The Canadian housing market is expected to moderate over the next two years, Canada Mortgage and Housing Corp. (CMHC) said this week. A rise in the inventory of unsold homes, higher prices and mortgage rates and an increase in the supply of rental units are all expected to contribute to the slowdown.
CMHC chief economist Bob Dugan says the gains in provinces such as Ontario and B.C. have offset the slowdown in oil-producing provinces such as Alberta.
“We expect, however, that this counterbalancing effect will decrease over time,” Dugan said. “As such, housing starts and MLS sales are projected to moderate in 2016 and 2017,” he added.
The Canadian housing market has been a key concern for economists as household debt has risen to record levels in relation to income. Low interest rates have helped fuel sales and driven prices in many markets. But CMHC expects interest rates to rise gradually, starting late next year.
Housing starts are expected to slip in 2016 to a range of between 153,000 and 203,000 units, with a forecast of 178,150 units, slowing to between 149,000 and 199,000 units, with a forecast of 173,650 units, in 2017.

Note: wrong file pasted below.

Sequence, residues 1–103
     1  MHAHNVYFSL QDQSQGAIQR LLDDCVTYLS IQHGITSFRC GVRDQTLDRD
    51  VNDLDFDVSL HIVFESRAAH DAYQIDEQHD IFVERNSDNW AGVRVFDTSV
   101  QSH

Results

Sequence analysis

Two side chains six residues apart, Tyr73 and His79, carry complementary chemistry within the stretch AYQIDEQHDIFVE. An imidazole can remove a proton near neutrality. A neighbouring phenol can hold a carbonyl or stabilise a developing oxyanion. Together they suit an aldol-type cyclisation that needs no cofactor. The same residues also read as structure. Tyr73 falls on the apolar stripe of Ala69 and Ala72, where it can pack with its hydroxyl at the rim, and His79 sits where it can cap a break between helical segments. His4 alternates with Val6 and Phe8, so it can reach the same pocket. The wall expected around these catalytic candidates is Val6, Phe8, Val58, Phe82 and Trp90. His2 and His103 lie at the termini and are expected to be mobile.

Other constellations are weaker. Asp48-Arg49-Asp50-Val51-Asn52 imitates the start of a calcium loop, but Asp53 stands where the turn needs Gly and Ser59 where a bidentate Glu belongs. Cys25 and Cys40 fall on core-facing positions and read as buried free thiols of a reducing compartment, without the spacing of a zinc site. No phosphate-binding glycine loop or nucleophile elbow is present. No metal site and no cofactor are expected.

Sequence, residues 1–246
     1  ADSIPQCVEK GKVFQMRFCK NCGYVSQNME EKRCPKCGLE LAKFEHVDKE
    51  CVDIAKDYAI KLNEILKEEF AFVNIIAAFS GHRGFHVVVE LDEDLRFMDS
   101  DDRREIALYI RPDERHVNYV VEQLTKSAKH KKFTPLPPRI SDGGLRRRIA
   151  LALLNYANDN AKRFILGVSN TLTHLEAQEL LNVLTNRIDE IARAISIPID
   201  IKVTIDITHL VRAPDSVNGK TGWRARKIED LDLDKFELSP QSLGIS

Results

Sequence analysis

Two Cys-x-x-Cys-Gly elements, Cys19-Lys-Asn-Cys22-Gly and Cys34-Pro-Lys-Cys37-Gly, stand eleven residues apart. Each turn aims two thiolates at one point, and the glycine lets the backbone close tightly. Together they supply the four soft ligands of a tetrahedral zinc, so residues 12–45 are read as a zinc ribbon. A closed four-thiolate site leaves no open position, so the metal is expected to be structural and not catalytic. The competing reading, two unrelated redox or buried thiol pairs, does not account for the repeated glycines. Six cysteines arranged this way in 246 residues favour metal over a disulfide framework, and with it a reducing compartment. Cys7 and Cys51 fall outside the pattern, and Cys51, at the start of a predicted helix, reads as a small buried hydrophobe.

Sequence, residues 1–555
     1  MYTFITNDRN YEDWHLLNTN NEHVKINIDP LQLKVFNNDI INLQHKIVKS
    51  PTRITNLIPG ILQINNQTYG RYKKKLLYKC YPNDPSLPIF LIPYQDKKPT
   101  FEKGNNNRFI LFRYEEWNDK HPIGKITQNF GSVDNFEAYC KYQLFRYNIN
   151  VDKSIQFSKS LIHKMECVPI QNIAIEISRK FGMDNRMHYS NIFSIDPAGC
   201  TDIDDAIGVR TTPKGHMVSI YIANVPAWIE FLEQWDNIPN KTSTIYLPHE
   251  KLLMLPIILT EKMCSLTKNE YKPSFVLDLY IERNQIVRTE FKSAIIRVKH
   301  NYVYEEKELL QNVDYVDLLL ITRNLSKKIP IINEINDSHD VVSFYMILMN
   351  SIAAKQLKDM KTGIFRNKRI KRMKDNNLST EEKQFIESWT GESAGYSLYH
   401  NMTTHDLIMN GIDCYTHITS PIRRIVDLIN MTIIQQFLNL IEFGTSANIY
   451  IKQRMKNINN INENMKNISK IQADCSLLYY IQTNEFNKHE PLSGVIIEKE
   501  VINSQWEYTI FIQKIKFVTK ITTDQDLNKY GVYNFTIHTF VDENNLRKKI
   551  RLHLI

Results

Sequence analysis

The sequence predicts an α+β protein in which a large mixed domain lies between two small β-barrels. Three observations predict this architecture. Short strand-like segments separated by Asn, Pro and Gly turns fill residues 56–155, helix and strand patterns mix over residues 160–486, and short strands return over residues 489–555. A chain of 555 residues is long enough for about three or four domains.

Sales through the MLS system are expected to range between 444,000 and 546,000 units this year with a forecast of 494,700 units. In 2016, sales are forecast to range from 425,000 to 534,000 units with a forecast of 479,500, and from 416,000 to 536,000 units in 2017 with a forecast of 476,000.
The average MLS price is forecast to be between $417,000 and $459,000 this year with a forecast of $437,700 before rising to between $420,000 and $466,000 in 2016. The average price in 2017 is expected to be in a range between $424,000 and $475,000